Israel not defending Soros in denouncing campaign against him, Foreign Ministry clarifies

Bruno Cirelli
Luglio 12, 2017

Some posters have been attacked with anti-Semitic graffiti.

Posters have appeared in Hungarian streets showing a picture of the investor grinning, along with the caption: "Don't let Soros have the last laugh".

"In no way was the statement [by the ambassador] meant to delegitimise criticism of George Soros, who continuously undermines Israel's democratically elected governments", said foreign ministry spokesman Emmanuel Nahshon, adding that Soros funded organisations "that defame the Jewish state and seek to deny it the right to defend itself".

As a result, Israel's ambassador to Hungary, Yossi Amrani, issued a statement on Saturday calling for the campaign to be shut down, saying it "evokes sad memories but also sows hatred and fear" in an apparent reference to Hungary's role in the deportation of half a million Jews during the Holocaust.

Following Israel's shift of stance, many Israeli politicians and activists now claim that the current government, led by Netanyahu's conservative Likud party, prefers bluntly anti-Semitic views over what is perceived as "left-wing" opinions. "Equally, I am heartened that together with countless fellow citizens the leadership of the Hungarian Jewish community has spoken out against the campaign".

Hungary's right-wing prime minister Viktor Orban has launched a searing campaign against billionaire Soros, who is at odds with the right-wing, nationalist government in Budapest.

Soros has endorsed non-governmental organizations in Israel that promote Palestinian causes, paint Israel as an apartheid state responsible for systemic war crimes, and promote the Boycott, Divestment, and Sanctions (BDS) movement.

"But the left-wing clerks in the ministry didn't even ask Netanyahu (before issuing the condemnation), who then forced them to publish a clarification".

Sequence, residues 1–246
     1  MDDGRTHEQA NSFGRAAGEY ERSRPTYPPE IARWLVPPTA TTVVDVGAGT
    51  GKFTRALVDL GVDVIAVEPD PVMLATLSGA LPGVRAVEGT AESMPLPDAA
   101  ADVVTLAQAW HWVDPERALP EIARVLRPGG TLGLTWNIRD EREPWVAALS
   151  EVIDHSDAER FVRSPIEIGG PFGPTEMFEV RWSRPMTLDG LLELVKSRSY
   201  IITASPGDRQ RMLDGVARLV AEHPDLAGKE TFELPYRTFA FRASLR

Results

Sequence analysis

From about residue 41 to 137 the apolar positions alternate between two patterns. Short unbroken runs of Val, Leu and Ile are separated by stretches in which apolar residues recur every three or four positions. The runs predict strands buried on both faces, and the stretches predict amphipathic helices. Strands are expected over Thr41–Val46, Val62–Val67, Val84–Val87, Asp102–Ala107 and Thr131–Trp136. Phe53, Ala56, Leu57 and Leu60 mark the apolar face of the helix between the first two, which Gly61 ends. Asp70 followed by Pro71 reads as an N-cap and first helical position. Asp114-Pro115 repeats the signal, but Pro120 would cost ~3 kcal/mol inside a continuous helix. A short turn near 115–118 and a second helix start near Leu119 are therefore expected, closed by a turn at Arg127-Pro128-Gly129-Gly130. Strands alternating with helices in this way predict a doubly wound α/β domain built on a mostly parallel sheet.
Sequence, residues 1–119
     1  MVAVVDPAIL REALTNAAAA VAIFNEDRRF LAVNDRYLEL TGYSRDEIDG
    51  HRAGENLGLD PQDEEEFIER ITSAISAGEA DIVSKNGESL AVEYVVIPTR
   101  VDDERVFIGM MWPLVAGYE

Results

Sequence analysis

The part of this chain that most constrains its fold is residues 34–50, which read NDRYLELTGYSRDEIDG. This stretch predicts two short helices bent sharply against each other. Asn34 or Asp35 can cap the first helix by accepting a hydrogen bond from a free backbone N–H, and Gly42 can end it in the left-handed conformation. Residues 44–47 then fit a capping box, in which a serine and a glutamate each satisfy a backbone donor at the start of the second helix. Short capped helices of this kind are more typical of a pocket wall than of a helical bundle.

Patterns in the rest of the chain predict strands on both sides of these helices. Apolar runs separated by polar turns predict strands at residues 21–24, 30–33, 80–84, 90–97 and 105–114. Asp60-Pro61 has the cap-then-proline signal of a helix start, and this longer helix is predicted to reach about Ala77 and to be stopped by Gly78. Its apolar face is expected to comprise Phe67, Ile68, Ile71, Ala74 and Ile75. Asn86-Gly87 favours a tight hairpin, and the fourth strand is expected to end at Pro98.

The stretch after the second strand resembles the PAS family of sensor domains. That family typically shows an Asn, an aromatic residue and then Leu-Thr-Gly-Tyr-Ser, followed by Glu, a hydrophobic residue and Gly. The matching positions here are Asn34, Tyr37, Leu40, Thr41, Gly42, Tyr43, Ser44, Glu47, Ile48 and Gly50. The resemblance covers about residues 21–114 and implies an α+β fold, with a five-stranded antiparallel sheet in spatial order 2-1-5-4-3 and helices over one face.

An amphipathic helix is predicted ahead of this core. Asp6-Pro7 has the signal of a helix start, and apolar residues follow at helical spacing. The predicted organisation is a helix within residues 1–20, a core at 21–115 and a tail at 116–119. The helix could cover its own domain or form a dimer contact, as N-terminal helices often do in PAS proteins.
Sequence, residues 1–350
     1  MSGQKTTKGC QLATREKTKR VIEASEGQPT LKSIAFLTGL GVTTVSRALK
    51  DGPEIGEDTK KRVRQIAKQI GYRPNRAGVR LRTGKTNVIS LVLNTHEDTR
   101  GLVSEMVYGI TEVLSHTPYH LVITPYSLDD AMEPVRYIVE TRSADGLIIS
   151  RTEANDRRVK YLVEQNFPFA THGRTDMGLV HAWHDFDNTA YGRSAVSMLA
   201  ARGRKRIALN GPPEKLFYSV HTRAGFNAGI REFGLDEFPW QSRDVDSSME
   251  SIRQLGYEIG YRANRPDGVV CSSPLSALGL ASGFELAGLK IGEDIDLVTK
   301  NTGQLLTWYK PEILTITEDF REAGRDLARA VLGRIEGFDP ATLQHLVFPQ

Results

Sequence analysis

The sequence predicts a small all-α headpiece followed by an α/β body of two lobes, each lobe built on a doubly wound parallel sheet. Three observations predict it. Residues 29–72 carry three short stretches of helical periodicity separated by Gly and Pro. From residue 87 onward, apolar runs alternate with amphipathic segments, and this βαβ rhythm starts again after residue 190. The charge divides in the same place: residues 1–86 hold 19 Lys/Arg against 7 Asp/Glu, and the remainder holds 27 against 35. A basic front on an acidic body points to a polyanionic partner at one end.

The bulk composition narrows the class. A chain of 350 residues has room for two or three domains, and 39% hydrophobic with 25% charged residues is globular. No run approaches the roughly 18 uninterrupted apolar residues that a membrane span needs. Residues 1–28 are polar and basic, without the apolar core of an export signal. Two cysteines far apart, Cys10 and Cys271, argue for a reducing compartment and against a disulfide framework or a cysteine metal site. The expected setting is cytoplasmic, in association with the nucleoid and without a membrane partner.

Meanwhile, Orban's campaign has also been criticized by Jewish groups, including the Federation of Hungarian Jewish Congregations (Mazsihisz), which has called on the Hungarian prime minister to end it.

In response to the campaign, Jewish Hungarians called Israeli Prime Minister Benjamin Netanyahu to cancel his planned visit to the country next week. And on July 19, both Netanyahu and Orban are scheduled to meet with the premiers of Poland, Slovakia and the Czech Republic. "Netanyahu's support legitimizes this despicable campaign, and antisemites around the world will use it", Gal-On said.

Vachon said the campaign had clearly anti-Semitic overtones that were "reminiscent of Europe's darkest hours".

Others have commented on Shaffir's or Eliassi's posts, such as Riki Kovacs Goldshteyn, who called Netanyahu's retraction "very disturbing".

There are around 50,000 Jews in Hungary.

"Israel deplores any expression of anti-Semitism in any country and stands with Jewish communities everywhere in confronting this hatred".

"The Hungarian regime's xenophobia and demonization of refugees are anti-European", he said.

"The person who uses his wealth, power, influence, and a network of NGOs funded by him to settle millions of migrants in Hungary and the European Union puts our future in jeopardy", Orban wrote, apparently oblivious of the welcome overseas given to hundreds of thousands of Hungarian refugees after the 1956 revolution.

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